House Speaker Brad Wilson, R-Kaysville, was a key driver in the effort to update the state’s tax code, setting a goal of a statewide tax cut during the 2019 session, supporting the creation of a legislative task force, and later urging the call of a December special session to enact the changes before the new year.
But Wilson and Senate President Stuart Adams, R-Layton, failed to secure two-thirds majorities for the reform bill in their chambers, leaving the legislation vulnerable to a referendum effort that attracted a bipartisan array of grassroots advocates and community organizations.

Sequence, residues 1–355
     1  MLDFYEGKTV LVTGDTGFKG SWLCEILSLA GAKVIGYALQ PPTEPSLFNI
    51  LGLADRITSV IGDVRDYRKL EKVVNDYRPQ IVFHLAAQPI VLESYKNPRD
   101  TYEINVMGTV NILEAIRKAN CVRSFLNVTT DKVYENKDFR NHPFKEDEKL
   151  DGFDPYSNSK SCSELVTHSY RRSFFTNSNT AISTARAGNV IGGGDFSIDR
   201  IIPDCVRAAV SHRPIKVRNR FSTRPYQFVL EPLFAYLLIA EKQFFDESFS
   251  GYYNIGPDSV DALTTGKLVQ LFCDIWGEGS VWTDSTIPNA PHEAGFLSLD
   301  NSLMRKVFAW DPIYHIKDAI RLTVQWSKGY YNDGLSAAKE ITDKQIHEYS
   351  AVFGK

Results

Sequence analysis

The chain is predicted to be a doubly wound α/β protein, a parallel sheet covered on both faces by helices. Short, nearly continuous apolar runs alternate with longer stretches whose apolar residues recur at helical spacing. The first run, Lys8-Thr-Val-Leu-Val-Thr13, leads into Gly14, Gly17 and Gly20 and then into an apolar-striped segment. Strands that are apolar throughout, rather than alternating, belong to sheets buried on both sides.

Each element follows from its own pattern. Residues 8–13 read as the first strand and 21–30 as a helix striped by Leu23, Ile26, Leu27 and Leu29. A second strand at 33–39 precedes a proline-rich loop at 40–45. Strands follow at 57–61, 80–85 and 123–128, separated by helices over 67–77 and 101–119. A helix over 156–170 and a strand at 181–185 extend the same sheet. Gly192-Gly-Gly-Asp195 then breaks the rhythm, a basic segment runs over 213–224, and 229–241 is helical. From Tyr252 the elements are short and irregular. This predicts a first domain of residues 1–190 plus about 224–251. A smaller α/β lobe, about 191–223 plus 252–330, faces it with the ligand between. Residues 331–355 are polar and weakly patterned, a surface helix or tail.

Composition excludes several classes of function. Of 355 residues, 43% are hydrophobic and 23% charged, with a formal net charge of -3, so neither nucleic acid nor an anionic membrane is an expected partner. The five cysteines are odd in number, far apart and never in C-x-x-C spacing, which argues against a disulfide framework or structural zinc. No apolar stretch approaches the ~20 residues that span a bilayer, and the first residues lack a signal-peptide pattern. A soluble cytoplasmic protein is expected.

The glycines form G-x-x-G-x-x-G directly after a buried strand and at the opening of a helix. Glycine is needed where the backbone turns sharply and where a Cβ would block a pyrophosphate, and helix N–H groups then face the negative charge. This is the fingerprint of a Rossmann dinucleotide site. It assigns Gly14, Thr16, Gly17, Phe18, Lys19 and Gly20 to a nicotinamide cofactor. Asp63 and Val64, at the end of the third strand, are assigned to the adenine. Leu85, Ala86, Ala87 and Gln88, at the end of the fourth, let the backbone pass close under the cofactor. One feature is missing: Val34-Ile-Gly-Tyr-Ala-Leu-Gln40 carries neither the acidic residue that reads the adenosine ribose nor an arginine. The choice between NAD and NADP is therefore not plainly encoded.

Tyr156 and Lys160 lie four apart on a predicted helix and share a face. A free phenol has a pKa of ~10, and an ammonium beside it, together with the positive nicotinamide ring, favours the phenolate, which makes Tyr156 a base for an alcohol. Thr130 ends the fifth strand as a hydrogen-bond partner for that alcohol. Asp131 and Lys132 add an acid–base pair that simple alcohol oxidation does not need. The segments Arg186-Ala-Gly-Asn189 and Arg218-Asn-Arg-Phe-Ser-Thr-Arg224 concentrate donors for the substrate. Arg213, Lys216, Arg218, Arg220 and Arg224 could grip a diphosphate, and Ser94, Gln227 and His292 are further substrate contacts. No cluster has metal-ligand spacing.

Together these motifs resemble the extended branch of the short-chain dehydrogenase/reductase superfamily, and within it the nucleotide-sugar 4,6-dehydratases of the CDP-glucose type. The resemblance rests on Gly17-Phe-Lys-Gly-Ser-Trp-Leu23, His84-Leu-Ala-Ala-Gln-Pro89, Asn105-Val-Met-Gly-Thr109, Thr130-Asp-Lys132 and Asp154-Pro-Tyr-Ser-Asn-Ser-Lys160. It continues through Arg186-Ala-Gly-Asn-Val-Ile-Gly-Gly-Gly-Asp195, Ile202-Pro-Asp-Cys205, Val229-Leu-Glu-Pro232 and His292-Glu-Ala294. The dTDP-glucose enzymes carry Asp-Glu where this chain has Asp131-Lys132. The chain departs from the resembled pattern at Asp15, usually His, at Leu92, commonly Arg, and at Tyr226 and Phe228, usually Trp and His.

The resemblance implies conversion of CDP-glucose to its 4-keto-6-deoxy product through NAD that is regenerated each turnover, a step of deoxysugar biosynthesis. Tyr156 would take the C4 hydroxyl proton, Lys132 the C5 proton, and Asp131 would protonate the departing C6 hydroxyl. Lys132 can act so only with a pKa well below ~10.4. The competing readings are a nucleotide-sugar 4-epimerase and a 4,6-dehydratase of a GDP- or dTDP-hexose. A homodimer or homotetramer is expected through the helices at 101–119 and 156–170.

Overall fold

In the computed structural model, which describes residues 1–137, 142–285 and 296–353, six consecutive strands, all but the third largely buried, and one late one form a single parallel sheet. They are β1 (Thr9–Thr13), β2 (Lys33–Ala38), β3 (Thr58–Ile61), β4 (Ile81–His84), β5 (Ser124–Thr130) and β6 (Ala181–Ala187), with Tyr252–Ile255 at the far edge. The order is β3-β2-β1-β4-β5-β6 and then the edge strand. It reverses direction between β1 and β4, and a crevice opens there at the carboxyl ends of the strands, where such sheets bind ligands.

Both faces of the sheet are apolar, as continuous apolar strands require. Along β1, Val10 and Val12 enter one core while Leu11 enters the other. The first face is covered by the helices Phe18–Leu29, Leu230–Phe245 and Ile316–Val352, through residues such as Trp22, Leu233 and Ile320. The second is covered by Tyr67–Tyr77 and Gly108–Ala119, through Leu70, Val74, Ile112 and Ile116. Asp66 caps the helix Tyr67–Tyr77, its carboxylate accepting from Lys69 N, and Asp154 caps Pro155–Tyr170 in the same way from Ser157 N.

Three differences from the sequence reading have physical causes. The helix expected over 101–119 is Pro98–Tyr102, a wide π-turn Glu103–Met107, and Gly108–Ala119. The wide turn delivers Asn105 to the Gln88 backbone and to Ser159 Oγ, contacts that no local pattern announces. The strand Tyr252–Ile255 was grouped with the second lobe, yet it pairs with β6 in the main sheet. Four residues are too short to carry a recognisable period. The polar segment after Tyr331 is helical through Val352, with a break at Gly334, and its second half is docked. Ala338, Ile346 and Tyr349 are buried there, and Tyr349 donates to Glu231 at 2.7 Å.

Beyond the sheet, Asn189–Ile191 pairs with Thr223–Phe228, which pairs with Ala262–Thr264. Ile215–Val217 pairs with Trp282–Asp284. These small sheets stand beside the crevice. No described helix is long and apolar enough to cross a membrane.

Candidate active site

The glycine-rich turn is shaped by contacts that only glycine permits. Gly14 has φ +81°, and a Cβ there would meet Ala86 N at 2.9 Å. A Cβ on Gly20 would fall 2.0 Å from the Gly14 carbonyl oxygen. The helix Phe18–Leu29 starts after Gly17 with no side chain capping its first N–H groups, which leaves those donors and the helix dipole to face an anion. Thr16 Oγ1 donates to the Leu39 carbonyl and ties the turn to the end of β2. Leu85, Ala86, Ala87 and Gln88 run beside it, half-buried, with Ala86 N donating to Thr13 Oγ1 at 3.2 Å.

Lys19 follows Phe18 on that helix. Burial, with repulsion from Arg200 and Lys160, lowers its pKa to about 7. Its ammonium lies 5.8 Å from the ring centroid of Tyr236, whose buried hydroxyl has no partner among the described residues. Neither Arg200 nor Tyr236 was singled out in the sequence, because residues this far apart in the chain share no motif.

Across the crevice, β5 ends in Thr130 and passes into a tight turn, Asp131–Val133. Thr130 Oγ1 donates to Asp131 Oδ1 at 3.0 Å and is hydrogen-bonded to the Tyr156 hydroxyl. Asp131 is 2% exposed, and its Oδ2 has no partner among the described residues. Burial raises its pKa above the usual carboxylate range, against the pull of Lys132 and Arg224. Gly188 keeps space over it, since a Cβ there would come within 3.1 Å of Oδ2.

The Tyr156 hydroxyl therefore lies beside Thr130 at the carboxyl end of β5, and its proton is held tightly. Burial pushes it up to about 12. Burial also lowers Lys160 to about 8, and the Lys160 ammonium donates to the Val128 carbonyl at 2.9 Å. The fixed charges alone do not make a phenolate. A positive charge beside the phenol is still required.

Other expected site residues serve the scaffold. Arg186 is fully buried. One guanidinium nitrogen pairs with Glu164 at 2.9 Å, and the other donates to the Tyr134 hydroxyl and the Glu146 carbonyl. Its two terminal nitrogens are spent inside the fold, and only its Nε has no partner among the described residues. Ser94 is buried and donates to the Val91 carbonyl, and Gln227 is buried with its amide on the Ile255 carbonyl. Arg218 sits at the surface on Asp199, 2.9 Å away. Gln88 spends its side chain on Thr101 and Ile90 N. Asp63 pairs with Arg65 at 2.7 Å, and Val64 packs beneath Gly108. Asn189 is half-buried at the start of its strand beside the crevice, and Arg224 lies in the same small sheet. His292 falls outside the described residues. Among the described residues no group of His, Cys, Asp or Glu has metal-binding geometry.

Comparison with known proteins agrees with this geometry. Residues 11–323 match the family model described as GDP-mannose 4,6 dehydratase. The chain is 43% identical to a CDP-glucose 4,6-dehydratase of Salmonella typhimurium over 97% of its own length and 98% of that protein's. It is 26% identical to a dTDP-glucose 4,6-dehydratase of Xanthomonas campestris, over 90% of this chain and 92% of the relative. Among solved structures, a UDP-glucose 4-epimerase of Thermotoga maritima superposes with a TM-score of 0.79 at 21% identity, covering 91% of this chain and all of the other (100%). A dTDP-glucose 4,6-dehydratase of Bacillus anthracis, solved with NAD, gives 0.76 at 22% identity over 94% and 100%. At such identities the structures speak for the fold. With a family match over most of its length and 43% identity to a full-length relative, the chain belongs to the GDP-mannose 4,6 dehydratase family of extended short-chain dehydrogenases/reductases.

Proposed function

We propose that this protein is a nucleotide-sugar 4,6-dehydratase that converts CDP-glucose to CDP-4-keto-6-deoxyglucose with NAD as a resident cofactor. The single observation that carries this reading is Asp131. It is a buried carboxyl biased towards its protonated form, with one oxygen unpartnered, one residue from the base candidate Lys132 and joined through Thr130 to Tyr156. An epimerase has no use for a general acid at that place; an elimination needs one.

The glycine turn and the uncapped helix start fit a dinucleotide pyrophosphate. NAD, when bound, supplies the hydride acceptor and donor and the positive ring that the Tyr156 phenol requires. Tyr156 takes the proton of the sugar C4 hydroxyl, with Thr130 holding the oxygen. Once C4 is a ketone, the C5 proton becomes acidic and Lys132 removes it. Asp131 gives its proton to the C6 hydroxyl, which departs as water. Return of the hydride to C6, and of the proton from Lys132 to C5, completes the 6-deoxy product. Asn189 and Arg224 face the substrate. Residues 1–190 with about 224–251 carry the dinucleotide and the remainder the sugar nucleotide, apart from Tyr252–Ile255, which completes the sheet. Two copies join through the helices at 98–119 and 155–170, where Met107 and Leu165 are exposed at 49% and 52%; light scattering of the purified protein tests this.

During his opening remarks on the Legislature’s first day Monday, Wilson criticized referendums as being divisive and uninformed, and suggested such citizen-driven legislating is potentially “ruinous” to the principles of a democratic republic.
“We must find new ways of both listening and explaining to our constituents the issues that we face and the decisions we make to address them,” Wilson said. “We are not foes on a political battlefield. We are all Utahns committed to getting public policy right.”
The governor sounded a very different note in a statement after signing the repeal bill Tuesday evening.
“I commend the many legislators and people of Utah who participated so fully in this process. I remain hopeful that working together we will be able to modernize our tax code and provide long-term stability to fund education, Medicaid, and other essential services,” Herbert’s statement said.